#distributed system
4 posts

Distributed systems learnings

Building a new distributed system is easier than migrating the old system over to it. Migrating an old system is more time-consuming and just as challenging as writing one from scratch.
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Distributed systems learnings

  • Building a new distributed system is easier than migrating the old system over to it. Migrating an old system is more time-consuming and just as challenging as writing one from scratch. You tend to underestimate the amount of custom monitoring needed to ensure they both work the same way and a new system is more elegant, but you need to decide whether to accommodate or drop edge cases from the legacy system.
  • To improve reliability, start simple, measure, report and repeat: establish simple service-level objectives (SLOs) and a low bar for reliability (say 99.9%), measure it weekly, fix systemic issues at the root of the failure to hit it, and once confident, move to stricter definitions and targets.
  • Treat idempotency, consistency and durability changes as breaking changes, even if technically not, in terms of communication, rollouts, and API versioning.
  • Give importance to financial and end-user impacts of outages over the systems. Talk to the relevant teams and use appropriate metrics, and use these to put a price tag on preventive measures.
  • To determine who owns a service, check who owns the oncall(the operating of the system). The rest - code ownership, understanding of the system - follow from there. This means that shared oncall between multiple teams is not a healthy practice but a bandage solution.

Full post here, 6 mins read

Scalability problems: Hidden challenges of growing a system

Two main challenges of scaling distributed systems: centralization and synchronization. When scaling up, the system can run into computational limitations, storage limitations, and network limitations.
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Scalability problems: Hidden challenges of growing a system

  • Two main challenges of scaling distributed systems: centralization and synchronization.
  • When one node has too much control, the main source’s capacity/capability limits the entire system in terms of resources it can handle or users it can serve.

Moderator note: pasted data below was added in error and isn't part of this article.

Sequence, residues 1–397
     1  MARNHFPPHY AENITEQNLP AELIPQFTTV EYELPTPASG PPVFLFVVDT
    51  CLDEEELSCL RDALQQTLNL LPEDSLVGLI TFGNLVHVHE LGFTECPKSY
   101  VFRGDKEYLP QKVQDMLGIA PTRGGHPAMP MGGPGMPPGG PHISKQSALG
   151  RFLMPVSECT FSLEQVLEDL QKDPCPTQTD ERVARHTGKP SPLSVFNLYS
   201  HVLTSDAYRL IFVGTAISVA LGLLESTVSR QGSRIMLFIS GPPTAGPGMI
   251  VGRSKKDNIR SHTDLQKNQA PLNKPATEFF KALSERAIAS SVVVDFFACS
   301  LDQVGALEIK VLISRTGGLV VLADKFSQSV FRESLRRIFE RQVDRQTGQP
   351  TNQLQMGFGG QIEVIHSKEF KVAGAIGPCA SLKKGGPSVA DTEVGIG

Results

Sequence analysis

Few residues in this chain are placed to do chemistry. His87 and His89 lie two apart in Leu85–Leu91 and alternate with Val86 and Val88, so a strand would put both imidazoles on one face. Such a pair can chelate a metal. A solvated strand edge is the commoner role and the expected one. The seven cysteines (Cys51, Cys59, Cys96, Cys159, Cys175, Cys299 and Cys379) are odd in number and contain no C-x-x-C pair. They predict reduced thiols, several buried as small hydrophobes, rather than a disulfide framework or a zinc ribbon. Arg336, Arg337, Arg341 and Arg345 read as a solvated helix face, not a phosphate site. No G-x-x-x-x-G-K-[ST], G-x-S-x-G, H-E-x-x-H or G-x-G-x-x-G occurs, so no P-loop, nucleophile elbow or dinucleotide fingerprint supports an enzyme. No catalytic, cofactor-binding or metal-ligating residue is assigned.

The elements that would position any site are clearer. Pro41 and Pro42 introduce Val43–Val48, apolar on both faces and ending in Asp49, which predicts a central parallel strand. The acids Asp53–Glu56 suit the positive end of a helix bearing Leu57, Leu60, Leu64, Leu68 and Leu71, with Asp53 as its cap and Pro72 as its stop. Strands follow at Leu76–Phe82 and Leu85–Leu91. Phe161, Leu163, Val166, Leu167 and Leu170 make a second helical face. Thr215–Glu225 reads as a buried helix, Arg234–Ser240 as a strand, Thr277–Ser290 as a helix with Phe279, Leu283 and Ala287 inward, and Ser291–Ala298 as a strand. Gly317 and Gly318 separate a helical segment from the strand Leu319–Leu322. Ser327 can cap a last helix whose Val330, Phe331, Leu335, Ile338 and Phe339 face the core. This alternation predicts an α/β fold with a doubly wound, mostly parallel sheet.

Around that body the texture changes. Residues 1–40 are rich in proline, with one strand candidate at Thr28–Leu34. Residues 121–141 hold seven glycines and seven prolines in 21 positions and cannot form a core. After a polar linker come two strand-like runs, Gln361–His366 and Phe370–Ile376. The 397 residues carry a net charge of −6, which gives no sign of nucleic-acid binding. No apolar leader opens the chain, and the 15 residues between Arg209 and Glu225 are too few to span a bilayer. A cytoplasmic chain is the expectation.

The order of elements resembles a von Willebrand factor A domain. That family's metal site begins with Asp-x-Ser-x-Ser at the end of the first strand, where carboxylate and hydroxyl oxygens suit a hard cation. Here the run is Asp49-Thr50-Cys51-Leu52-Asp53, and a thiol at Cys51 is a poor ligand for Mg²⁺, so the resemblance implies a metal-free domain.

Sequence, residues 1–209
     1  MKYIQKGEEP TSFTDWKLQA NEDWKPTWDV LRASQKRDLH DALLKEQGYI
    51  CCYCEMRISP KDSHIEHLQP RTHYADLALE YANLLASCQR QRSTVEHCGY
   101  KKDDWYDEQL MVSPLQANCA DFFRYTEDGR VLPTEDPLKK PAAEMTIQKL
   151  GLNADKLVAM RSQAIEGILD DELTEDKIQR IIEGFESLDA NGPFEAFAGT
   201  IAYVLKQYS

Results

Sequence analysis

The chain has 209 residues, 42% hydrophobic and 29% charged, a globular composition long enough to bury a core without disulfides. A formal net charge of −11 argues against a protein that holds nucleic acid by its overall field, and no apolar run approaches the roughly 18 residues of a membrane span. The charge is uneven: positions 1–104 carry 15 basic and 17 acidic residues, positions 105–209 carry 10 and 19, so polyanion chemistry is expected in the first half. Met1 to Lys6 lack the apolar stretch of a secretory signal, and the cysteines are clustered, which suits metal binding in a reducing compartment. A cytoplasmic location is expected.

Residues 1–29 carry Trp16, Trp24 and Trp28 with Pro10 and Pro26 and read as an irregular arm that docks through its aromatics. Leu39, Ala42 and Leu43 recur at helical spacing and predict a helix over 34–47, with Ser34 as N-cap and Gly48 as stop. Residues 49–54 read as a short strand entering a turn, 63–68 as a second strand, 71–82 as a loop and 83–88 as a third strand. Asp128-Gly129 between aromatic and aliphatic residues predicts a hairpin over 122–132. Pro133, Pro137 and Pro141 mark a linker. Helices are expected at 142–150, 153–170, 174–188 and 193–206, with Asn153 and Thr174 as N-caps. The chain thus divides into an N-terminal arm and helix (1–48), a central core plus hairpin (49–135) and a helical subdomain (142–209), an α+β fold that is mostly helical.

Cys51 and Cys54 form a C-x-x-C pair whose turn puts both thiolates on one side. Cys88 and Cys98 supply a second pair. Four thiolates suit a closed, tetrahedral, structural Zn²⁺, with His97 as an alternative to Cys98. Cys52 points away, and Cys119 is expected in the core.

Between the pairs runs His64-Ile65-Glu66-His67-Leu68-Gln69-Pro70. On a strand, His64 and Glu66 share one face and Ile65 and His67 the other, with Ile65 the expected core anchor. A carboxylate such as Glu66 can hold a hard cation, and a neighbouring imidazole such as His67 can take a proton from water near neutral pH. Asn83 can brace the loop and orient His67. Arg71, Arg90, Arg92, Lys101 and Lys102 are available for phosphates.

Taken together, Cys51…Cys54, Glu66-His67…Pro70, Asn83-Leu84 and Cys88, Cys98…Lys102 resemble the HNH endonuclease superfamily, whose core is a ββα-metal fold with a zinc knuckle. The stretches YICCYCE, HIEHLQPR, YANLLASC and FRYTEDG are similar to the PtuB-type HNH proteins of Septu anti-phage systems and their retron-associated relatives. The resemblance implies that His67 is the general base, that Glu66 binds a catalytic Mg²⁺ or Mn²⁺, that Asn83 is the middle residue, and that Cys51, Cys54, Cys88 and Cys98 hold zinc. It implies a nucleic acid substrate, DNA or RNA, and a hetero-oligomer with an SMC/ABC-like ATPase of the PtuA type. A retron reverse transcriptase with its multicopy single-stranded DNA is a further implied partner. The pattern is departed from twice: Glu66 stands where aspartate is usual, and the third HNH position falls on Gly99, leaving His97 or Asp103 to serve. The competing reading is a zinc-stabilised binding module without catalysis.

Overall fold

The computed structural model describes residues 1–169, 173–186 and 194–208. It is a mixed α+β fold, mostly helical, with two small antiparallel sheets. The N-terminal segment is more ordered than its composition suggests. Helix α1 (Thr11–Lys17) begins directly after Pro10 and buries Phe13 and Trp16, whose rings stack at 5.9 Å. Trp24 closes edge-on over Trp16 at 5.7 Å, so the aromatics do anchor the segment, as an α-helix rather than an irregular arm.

• When scaling up, the system can run into computational limitations, storage limitations, and network limitations.
  • Synchronous communication over a WAN is not only slower, but also less reliable compared to a LAN.
  • Synchronous communication across larger geographies can be an obstacle to scaling.

Full post here, 8 mins read

Three strategies for designing the caching in large-scale distributed system

Always design the distributed systems to be ‘two mistakes high’. Place the web cache container in a side-car arrangement with each instance of your server/web service container.
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Three strategies for designing the caching in large-scale distributed system

  • Always design the distributed systems to be ‘two mistakes high’ - handle failures at two levels so that there is at least one chance to recover instead of the system failing right away on a mistake.
  • Place the web cache container in a side-car arrangement with each instance of your server/web service container. Any modification to the cache container does not affect the decoupled service.
  • Place the cache above the service containers (or app replicas) so that all the containers can access the same cache replicas, and the cache can call the service in case of a miss.
  • The above two approaches work for stateless services. If state is a significant factor for your app and there are many concurrent connections, sharded caching serves better.
  • Use consistent hashing to distribute the load across multiple cache shards that show up as a single cache proxy to the user.

Full post here, 5 mins read

Scalability: growing a system in different directions

A scalable distributed system continues to perform effectively as its users and/or resources grow in different directions.Usually, a system grows in terms of more data, more processes, more machines, more users.Scalability can be measured in terms of size, geography & administrative effort.Size scalability is the one
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Scalability: growing a system in different directions

  • A scalable distributed system continues to perform effectively as its users and/or resources grow in different directions.
  • Usually, a system grows in terms of more data, more processes, more machines, more users.
  • Scalability can be measured in terms of size, geography & administrative effort.
  • Size scalability is the one most developers think about. It can be in terms of resources and/or users. Adding nodes should not degrade the performance or slow the system down irrespective of resources available.
  • Geographical scalability implies that adding nodes is done in a way that takes cognizance of the geographical distance between existing and new nodes. Adding new nodes shouldn’t slow down the amount of time it takes to communicate among the nodes.
  • Administrative scalability requires that adding new nodes does not greatly increase overheads on human engineering and management resources or on security concerns.

Full post here, 9 mins read